Another reason retailers should consider putting on unique events in their stores is because jewelry is a luxury, and a retailer can’t view itself as competing only against the jeweler across town or online; it’s competing against everyone offering experiences and events.

“Don’t just look at other jewelers, look at any competition for consumer’s attention and dollars,” warns Schlesinger. “Jewelry is a discretionary purchase. You’re competing with everyone for the dollar.”

“In the past 30 years, consumer spending on experiences and events relative to total spend has increased by 70 percent,” confirms Ceresoli. “It’s important that retailers consider that they’re competing against someone going to a concert.”

Regardless of the types of events and experiences a retailer decides to offer consumers, the key is staying true to its brand and mission, and delivering an authentic experience that speaks to its community’s wants and needs.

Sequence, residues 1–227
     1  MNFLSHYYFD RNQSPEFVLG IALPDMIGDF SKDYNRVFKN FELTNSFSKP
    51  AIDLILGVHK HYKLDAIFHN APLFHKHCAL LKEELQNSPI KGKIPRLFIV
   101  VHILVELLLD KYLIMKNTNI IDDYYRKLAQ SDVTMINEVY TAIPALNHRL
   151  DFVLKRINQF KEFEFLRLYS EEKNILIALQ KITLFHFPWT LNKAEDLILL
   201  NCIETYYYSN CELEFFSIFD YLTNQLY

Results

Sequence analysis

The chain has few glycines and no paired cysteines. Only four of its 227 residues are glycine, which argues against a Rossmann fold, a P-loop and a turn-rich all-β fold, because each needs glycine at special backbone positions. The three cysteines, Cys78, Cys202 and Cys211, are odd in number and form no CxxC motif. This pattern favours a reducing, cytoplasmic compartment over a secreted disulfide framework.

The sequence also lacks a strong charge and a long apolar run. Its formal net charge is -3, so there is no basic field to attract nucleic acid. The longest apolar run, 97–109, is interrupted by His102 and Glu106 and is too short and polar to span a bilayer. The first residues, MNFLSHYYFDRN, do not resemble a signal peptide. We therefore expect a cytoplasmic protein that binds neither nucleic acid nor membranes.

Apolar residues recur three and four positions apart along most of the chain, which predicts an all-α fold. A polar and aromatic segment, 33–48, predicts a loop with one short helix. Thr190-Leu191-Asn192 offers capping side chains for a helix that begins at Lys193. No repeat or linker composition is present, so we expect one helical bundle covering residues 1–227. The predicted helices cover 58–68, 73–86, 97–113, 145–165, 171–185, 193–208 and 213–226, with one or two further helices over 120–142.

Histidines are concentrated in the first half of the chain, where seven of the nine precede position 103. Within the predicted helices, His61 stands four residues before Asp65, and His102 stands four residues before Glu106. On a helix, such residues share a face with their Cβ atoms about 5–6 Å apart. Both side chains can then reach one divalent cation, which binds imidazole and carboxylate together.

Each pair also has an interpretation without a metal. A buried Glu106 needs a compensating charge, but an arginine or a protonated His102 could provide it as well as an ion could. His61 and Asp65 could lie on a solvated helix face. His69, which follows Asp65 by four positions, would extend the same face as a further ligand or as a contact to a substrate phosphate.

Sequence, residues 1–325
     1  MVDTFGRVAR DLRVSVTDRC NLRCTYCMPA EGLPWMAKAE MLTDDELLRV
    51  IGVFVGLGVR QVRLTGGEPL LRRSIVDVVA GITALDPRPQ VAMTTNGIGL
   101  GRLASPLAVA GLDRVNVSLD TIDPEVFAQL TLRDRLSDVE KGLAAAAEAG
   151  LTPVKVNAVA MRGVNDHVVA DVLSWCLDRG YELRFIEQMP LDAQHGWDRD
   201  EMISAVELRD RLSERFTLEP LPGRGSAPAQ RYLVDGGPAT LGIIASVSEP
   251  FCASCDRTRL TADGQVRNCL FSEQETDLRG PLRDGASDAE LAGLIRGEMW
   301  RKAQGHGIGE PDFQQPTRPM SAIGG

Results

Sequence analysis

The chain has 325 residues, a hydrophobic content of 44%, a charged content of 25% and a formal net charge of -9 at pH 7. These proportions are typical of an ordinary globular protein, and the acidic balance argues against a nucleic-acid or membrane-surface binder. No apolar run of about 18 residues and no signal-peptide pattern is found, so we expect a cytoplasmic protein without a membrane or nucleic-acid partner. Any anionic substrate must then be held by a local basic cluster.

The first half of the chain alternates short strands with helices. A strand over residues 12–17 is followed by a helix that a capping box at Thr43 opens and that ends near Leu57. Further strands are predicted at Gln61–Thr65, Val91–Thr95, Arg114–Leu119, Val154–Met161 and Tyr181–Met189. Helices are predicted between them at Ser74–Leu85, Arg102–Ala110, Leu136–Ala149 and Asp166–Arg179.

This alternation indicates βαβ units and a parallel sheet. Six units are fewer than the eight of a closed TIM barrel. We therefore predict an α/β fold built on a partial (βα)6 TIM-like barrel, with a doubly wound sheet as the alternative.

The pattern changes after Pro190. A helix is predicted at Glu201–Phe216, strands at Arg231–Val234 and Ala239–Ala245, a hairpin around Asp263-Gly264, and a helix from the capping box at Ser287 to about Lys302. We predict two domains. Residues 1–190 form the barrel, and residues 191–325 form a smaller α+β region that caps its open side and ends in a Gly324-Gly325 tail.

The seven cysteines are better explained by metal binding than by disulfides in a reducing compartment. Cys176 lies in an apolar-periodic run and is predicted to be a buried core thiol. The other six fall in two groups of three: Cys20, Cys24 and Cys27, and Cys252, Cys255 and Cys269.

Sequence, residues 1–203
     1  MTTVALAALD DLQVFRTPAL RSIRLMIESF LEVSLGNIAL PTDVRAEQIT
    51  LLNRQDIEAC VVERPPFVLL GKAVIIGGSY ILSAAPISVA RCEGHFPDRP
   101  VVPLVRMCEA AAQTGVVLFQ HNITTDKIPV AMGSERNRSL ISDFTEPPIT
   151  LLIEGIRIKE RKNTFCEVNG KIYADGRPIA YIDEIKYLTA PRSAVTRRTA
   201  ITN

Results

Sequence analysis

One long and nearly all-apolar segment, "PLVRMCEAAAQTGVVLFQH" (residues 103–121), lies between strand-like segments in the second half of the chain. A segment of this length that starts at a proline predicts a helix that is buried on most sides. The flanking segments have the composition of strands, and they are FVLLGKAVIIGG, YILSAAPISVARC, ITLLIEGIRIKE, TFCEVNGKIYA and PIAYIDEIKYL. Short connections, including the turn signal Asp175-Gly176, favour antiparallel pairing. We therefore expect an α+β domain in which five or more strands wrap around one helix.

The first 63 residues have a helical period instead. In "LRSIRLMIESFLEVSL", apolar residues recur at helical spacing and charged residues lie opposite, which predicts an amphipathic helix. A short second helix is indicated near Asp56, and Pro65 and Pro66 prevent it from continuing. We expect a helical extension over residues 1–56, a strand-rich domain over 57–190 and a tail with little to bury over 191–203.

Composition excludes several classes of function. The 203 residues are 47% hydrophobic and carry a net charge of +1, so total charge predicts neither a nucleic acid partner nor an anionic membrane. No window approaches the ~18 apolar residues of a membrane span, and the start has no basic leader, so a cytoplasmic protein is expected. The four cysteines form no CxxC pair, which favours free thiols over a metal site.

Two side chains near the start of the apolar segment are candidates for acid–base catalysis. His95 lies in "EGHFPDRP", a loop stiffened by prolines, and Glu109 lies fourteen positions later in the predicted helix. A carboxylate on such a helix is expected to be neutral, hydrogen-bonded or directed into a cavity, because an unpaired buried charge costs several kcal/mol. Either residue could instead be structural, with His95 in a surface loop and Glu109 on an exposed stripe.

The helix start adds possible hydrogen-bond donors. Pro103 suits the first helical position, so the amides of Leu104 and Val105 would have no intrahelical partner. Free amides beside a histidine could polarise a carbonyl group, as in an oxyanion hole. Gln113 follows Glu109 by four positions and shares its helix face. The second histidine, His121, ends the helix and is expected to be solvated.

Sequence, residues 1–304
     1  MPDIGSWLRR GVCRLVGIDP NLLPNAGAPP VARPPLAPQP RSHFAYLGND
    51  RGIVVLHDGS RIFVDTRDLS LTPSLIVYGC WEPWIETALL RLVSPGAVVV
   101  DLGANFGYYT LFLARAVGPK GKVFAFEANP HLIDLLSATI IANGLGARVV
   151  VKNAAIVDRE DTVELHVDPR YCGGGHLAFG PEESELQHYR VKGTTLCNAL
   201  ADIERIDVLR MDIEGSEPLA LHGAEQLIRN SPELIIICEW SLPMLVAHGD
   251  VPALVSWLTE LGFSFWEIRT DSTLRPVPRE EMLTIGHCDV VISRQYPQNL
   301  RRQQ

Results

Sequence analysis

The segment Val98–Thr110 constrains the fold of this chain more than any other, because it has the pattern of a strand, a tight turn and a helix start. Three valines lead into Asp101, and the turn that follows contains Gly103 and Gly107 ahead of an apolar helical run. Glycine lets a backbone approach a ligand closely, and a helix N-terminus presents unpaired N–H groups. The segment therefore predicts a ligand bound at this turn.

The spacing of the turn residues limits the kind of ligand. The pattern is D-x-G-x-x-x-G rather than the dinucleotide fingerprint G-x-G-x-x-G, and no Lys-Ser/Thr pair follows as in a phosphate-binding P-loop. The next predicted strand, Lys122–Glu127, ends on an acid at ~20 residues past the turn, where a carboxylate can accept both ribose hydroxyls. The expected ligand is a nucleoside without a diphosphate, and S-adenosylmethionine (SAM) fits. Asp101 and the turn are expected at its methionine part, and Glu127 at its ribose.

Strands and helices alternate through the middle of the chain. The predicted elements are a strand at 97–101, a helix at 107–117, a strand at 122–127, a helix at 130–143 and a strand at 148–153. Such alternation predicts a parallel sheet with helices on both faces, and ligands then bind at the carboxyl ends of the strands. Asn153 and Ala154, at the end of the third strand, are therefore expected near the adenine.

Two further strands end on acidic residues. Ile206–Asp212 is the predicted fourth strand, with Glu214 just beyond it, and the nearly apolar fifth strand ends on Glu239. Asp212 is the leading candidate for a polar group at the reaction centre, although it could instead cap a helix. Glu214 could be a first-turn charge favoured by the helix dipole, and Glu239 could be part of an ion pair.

“Jewelry stores are very niche,” Danziger says. “They have a narrow customer base, so you need to craft your experiences based on what’s important to your customers. That’s why we see so many national chains failing—they aren’t customized.”



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Omni-Channel Marketing

Although a majority of consumers prefer to shop for luxury items such as jewelry in physical stores, jewelers still need to invest in their online presence. Retailers will need to embrace the concept of omni-channel marketing, making sure that their online presence matches the experience that their physical stores offer.